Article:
Activists hope Vancouver police and locals will do more to enforce Bill C-36 and end prostitution
The B.C. Catholic
Seventeen new black-and-white billboards are raising awareness about a law that advocates say is not publicized enough.
"In 2014, Canada criminalized the buying of sex. I am not sure the average citizen knows that," said Trisha Baptie, a member of Formerly Exploited Voices now Educating (EVE).
Paying for sex has been illegal since Bill C-36 came into effect in December 2014.
Baptie, at a press conference at the intersection of Joyce Street and Kingsway in Vancouver Oct. 18, said that law "is not only a step forward in keeping women and girls safe, but it is also a step forward in women's and girls' equality."
EVE joined several other groups to form traffickedhuman.org, an organization to educate the public about prostitution and to urge police to enforce the law.
The organization placed 17 billboards across Vancouver and Surrey with the words "Buying sex is a crime" and the phone number for Crime Stoppers.
"The law has been in place for almost two years," said Gwendoline Allison, a lawyer and a member of traffickedhuman.org.
"The clear statement from Parliament is that girls, youth, and women are not for sale, that they are whole human beings, with dignity and human rights. The act makes buying commercial sex, receiving a material benefit from prostitution, and advertising criminal offences."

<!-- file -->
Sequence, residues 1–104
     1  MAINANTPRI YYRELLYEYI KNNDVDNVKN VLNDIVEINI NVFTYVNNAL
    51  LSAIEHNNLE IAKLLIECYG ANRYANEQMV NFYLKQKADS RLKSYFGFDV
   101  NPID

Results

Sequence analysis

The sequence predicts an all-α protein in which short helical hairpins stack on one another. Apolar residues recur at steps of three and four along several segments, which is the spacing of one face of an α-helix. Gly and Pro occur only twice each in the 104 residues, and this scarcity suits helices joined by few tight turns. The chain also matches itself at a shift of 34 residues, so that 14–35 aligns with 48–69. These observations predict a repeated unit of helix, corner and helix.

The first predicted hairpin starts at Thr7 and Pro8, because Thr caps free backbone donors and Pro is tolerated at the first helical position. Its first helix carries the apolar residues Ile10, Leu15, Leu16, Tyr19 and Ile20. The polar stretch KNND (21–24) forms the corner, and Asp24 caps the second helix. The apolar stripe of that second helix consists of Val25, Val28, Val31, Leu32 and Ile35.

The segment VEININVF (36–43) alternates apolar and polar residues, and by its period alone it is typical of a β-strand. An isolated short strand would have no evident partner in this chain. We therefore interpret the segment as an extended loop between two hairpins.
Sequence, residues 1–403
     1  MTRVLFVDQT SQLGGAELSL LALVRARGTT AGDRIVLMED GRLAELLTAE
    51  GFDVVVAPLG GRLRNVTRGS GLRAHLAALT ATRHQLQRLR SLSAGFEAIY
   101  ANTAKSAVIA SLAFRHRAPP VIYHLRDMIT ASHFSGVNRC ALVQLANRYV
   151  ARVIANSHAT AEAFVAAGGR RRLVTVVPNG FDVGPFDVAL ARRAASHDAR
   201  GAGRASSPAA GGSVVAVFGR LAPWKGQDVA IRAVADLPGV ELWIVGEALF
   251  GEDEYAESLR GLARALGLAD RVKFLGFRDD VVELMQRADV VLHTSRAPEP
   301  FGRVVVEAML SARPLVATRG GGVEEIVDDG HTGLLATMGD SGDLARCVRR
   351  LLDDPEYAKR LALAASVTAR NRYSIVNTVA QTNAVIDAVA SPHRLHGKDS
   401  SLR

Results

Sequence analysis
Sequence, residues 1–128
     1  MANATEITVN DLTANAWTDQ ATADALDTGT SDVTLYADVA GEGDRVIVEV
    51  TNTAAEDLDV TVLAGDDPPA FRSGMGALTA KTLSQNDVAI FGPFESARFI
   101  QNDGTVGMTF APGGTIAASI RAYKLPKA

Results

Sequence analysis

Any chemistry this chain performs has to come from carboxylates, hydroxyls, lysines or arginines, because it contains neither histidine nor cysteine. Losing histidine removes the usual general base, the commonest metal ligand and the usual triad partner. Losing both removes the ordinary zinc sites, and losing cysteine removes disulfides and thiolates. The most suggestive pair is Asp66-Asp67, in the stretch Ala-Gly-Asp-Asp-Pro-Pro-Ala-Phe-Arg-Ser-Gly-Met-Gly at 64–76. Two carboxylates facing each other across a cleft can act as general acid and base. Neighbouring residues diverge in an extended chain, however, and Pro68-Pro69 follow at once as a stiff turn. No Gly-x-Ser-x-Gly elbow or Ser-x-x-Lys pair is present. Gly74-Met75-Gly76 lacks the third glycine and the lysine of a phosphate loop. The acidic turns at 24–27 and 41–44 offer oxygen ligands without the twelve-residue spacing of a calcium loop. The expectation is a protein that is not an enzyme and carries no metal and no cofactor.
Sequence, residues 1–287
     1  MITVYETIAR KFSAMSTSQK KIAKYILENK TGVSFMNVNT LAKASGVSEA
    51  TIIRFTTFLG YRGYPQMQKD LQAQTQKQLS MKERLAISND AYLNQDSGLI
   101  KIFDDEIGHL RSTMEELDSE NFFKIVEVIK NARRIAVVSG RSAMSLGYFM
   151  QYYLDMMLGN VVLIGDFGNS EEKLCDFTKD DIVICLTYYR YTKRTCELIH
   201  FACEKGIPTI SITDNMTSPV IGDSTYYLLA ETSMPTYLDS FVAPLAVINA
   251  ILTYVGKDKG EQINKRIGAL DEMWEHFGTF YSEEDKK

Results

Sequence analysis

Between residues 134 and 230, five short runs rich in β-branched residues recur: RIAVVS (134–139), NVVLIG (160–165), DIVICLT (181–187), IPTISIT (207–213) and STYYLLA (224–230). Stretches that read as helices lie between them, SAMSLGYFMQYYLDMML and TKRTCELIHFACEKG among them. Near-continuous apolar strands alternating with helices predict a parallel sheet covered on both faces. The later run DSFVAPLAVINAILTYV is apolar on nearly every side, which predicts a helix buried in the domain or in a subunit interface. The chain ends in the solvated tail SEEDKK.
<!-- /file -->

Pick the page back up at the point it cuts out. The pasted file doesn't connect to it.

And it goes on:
No arrests under this law have been made in B.C., though it has been enforced elsewhere: 22 buyers were arrested a year ago in York, Ont., and 27 men face charges in Sydney, N.S.
"If little Sydney, N.S., can do it, Vancouver, B.C., can do it," said Mary-Lee Bouma of Resist Exploitation Embrace Dignity.
"Most people, in my experience, in Vancouver do not know about this law. We are calling on the city to implement the law."
Deacon Rennie Nahanee, the First Nations Ministry coordinator for the Archdiocese of Vancouver, is in favour of the law and the billboard campaign.
"Because of the disproportionate number of aboriginal women who end up in the Downtown Eastside of Vancouver, and with the murdered and missing women inquiry, we need to let people know that buying sex is a crime," he said.
Twelve groups, including the Archdiocese of Vancouver, Hope for the Sold, and Mothers Against Trafficking Humans, are officially behind the campaign.
Others, including St. Mary's Parish Street Ministry and the Catholic Women's League, also showed their support at the press conference.
"We had a resolution in 2012 advocating the Nordic model of law for prostitution," said Barbara Renaud, a CWL member.
"We've working towards this for quite a long time. Now, with the law in place, exactly what we hoped for, work goes on."
The billboards will be up until the end of October.
Allison said after the signs come down, the group plans to continue its educational efforts and putting pressure on the Vancouver police department.